But in the real world, resilience, creative thinking, problem-solving and confidence are the markers of success. The gap between street-smart and book-learned is often far and wide, but both skills are necessary to real life.
So how can we make the ivory towers a place where students can be taught to think as well as cope? What good is a university education if graduates fail to invest their knowledge adequately in the society around them? Is it possible to do so in a structure that still allows student performance to be adequately measured?
Sternberg says yes to this one, but notes that colleges first need to change their standards and curriculum. Some universities are edging in that direction-accepting videos and self-made websites as part of the admissions process, and embracing social media as a form of self-expression. But change is a slow traveler. Only time will tell if we as a society can redefine academic success.
Monday, January 6, 2014
Dating and College Admissions
What's the hardest part about dating? The insincerity? Awkward dinner conversation? The energy involved in keeping your guard up? The rejection? Ever thought about how much it feels like the college admission game? No?
Indulge me for a moment.
A recent story reported on National Public Radio, details a now infamous college application brochure for the University of Wisconsin at Madison. The brochure depicts students at a football game, clad in the UW red and white colors, cheering and smiling. All of the students in the picture are white. At least they were. Before going to the final print, the university decided to photoshop in the face of an African-American student.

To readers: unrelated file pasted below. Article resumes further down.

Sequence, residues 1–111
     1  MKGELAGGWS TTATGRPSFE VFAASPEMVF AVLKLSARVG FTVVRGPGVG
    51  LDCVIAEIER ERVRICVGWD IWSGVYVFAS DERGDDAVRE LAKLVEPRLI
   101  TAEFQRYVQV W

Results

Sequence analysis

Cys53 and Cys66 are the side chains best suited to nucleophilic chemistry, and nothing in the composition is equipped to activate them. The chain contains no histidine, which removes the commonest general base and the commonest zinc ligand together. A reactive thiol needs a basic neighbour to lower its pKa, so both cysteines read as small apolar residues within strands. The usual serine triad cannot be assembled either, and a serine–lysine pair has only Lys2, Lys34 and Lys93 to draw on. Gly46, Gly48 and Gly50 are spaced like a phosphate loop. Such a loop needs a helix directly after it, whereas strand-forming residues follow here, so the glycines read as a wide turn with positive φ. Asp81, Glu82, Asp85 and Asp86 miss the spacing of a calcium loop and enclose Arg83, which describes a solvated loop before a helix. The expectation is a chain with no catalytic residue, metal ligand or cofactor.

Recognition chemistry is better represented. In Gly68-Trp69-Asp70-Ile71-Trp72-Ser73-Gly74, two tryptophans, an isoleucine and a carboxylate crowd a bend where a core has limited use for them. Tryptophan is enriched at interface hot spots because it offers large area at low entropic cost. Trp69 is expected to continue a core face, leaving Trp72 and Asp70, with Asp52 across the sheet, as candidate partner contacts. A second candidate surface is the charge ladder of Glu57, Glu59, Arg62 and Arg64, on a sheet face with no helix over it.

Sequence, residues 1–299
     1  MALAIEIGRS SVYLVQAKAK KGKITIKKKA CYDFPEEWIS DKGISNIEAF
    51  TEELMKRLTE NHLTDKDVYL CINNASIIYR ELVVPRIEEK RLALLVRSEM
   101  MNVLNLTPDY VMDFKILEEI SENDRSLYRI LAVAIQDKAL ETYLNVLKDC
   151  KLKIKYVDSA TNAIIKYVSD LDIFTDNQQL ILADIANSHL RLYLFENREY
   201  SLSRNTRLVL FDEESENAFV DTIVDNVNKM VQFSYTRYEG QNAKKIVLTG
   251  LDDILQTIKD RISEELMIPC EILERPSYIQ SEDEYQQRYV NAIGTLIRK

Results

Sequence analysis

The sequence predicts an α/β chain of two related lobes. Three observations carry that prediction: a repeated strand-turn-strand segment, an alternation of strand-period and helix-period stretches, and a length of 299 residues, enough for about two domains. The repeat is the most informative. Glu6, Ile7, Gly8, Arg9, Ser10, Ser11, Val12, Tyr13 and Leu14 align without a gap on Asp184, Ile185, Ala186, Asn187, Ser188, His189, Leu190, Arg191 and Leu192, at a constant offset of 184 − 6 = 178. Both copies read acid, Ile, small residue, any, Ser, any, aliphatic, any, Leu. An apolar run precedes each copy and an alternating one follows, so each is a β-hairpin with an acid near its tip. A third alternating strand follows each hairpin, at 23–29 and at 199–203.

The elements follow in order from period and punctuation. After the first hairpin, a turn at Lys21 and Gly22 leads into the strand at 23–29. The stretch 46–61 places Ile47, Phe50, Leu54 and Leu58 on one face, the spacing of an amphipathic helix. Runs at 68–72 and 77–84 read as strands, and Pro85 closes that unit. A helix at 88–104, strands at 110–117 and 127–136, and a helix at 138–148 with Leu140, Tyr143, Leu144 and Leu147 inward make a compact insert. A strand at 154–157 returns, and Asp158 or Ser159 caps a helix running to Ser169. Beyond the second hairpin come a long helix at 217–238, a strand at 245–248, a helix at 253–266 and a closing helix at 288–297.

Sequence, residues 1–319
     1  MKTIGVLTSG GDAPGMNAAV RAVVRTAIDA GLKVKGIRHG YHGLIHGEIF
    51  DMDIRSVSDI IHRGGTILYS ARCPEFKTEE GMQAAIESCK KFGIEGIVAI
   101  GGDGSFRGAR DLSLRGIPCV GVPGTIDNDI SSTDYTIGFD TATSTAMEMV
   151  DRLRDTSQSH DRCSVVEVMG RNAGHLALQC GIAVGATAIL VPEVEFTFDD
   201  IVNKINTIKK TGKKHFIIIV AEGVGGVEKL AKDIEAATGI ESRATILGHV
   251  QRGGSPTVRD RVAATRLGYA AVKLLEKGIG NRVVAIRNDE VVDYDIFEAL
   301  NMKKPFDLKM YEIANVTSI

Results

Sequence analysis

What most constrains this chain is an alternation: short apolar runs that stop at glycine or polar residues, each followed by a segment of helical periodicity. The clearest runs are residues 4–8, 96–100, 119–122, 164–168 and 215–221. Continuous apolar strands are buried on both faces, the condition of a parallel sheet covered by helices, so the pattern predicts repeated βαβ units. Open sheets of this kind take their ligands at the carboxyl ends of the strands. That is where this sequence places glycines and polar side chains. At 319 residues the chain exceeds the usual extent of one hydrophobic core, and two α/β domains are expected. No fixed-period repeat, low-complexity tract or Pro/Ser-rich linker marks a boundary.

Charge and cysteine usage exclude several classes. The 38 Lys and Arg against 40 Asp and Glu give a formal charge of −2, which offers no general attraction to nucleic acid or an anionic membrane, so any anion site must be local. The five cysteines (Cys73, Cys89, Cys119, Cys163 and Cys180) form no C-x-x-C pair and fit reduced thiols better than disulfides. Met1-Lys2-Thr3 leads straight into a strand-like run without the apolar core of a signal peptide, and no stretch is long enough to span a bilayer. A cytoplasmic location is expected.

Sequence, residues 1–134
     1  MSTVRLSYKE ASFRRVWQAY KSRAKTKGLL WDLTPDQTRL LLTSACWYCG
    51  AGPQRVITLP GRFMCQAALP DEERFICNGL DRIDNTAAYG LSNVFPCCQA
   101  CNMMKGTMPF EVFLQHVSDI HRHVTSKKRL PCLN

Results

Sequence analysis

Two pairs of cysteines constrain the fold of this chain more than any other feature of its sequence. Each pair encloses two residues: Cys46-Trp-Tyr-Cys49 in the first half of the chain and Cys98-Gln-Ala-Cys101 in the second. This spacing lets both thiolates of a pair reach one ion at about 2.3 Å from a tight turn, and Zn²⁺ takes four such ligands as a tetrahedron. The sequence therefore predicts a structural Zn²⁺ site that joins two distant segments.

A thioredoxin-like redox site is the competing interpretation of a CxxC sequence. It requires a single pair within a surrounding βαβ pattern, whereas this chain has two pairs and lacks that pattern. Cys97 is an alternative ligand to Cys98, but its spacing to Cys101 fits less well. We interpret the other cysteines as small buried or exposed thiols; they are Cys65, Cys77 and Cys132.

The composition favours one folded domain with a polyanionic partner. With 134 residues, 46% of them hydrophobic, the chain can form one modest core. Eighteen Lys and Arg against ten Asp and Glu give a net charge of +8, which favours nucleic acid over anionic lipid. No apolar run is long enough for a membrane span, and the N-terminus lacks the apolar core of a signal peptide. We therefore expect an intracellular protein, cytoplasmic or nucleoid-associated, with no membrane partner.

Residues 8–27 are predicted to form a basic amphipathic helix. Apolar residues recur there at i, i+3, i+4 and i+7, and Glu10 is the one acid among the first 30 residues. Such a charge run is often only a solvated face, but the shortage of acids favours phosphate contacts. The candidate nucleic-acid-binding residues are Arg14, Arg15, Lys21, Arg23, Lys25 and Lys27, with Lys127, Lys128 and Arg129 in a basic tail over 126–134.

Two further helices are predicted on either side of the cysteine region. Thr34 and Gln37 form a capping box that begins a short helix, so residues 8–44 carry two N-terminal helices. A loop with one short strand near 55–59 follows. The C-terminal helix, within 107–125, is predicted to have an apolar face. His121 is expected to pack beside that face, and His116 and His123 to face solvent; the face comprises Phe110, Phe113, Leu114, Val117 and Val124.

Diallo Shabazz was, in fact, a UW student, but he'd never actually been to one of their football games. He later sued the university for using his likeness without his permission. The university acknowledged that they wanted to appear more "diverse" for the purpose of wooing students.
Deconstructing the racial dimension is too complex for this post. What the decision says to me is that colleges are engaging in as much puffery as the students that apply to them.
While students are busy dressing up their 10-day trip to Nicaragua as sweeping humanitarian work, colleges are busy literally Photoshopping fabrications into their brochures. What happens once the honeymoon is over?
It's really a reminder of how artificial the process can be. It's why colleges rely on grades and test scores-not just the personal statement. And it's why students really need to research their universities of choice-not judge them by the clothes they're wearing.
More on Shabazz and the diversity-Photoshopping epidemic in my next posting.
Labels: Dating and College Admissions